Acute epiglottitis. An 18-year experience in Rhode Island

Chest. 1995 Dec;108(6):1640-7. doi: 10.1378/chest.108.6.1640.


Objective: To assess the incidence, clinical characteristics, management, and outcome of epiglottitis in a defined population over an 18-year period.

Design: Case series.

Setting: The state of Rhode Island, 1975 through 1992.

Patients or other participants: Cases who met predetermined criteria for acute epiglottitis identified from hospital discharges and the State Medical Examiner's log of prehospitalization deaths.

Main outcome measures: Incidence by year and age, clinical presentation, results of diagnostic evaluations, management, and outcome.

Results: Four hundred seven cases were identified, 134 in children and 273 in adults. Incidence in children dropped from 38 cases in the first 3 years of the study to 1 case in the last 3 years (p < 0.001). Adult cases increased from 17 in the first 3 years to 69 in the last 3 years (p < 0.001). Seventy-nine percent of adults and 32% of children were treated without an artificial airway. Factors associated with airway obstruction included symptomatic respiratory difficulty, stridor, drooling, shorter duration of symptoms, enlarged epiglottis on radiograph, and Haemophilus influenzae bacteremia (p < 0.001 for each). Twelve patients died (3 children and 9 adults), with all cases of fatal respiratory obstruction occurring within 12 h of presentation.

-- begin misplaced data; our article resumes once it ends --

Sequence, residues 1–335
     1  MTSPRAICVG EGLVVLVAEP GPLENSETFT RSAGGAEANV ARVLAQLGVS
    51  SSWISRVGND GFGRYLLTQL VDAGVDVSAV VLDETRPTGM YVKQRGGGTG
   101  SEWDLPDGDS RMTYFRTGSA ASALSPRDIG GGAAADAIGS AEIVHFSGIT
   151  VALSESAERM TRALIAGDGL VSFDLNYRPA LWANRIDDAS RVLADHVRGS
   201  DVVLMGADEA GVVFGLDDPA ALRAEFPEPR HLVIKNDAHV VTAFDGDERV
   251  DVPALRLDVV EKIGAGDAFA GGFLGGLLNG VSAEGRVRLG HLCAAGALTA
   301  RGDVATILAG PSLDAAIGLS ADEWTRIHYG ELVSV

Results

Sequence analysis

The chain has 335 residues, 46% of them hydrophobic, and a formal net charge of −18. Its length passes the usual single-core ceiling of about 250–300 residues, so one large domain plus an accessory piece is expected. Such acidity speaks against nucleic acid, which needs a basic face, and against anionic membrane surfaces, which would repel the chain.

Conclusions: There have been significant changes in the clinical epidemiology of epiglottitis, which now occurs almost exclusively in adults, often with less severe symptoms and a lower incidence of H influenzae infection. While careful observation is indicated for all patients, the data suggest that those with certain clinical characteristics can be treated safely without an immediate artificial airway.

MeSH terms

  • Adolescent
  • Adult
  • Aged
  • Child
  • Child, Preschool
  • Epiglottitis* / complications
  • Epiglottitis* / diagnosis
  • Epiglottitis* / epidemiology
  • Epiglottitis* / therapy
  • Humans
  • Incidence
  • Infant
  • Middle Aged
  • Retrospective Studies